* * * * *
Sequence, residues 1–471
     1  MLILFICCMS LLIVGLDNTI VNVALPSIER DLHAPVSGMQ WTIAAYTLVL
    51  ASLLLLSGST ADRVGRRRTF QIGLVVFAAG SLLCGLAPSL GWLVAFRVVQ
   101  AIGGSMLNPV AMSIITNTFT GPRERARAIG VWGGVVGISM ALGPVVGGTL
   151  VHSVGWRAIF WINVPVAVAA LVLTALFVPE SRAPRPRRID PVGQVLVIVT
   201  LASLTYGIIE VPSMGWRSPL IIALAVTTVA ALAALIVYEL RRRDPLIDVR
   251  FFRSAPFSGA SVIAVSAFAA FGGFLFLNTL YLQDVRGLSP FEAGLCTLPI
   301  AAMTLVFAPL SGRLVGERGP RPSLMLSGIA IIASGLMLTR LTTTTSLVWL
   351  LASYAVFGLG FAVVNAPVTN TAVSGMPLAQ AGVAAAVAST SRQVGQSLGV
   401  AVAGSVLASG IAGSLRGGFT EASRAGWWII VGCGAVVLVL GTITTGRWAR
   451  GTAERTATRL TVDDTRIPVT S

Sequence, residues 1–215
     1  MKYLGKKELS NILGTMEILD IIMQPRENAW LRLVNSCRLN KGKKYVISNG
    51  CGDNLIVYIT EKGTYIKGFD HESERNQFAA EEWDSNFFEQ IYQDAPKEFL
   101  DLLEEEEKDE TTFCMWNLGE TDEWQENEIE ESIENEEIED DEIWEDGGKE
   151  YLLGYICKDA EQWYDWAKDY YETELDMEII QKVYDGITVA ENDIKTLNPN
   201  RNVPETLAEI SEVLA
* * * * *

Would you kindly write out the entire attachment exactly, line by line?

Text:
Sequence, residues 1–471
     1  MLILFICCMS LLIVGLDNTI VNVALPSIER DLHAPVSGMQ WTIAAYTLVL
    51  ASLLLLSGST ADRVGRRRTF QIGLVVFAAG SLLCGLAPSL GWLVAFRVVQ
   101  AIGGSMLNPV AMSIITNTFT GPRERARAIG VWGGVVGISM ALGPVVGGTL
   151  VHSVGWRAIF WINVPVAVAA LVLTALFVPE SRAPRPRRID PVGQVLVIVT
   201  LASLTYGIIE VPSMGWRSPL IIALAVTTVA ALAALIVYEL RRRDPLIDVR
   251  FFRSAPFSGA SVIAVSAFAA FGGFLFLNTL YLQDVRGLSP FEAGLCTLPI
   301  AAMTLVFAPL SGRLVGERGP RPSLMLSGIA IIASGLMLTR LTTTTSLVWL
   351  LASYAVFGLG FAVVNAPVTN TAVSGMPLAQ AGVAAAVAST SRQVGQSLGV
   401  AVAGSVLASG IAGSLRGGFT EASRAGWWII VGCGAVVLVL GTITTGRWAR
   451  GTAERTATRL TVDDTRIPVT S

Sequence, residues 1–215
     1  MKYLGKKELS NILGTMEILD IIMQPRENAW LRLVNSCRLN KGKKYVISNG
    51  CGDNLIVYIT EKGTYIKGFD HESERNQFAA EEWDSNFFEQ IYQDAPKEFL
   101  DLLEEEEKDE TTFCMWNLGE TDEWQENEIE ESIENEEIED DEIWEDGGKE
   151  YLLGYICKDA EQWYDWAKDY YETELDMEII QKVYDGITVA ENDIKTLNPN
   201  RNVPETLAEI SEVLA